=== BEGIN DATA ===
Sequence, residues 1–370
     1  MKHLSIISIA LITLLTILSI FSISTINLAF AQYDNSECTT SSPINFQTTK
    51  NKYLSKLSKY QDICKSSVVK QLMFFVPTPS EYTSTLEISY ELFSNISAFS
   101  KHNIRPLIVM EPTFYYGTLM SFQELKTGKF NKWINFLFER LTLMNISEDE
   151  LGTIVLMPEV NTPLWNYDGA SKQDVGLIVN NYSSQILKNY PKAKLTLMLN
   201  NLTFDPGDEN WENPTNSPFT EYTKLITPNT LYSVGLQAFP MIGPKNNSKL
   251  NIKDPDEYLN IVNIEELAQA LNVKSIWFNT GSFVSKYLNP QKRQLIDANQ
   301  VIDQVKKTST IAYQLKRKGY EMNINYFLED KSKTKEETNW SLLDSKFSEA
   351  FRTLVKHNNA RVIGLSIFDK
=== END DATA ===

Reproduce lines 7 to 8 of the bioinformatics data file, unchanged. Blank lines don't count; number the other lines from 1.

   251  NIKDPDEYLN IVNIEELAQA LNVKSIWFNT GSFVSKYLNP QKRQLIDANQ
   301  VIDQVKKTST IAYQLKRKGY EMNINYFLED KSKTKEETNW SLLDSKFSEA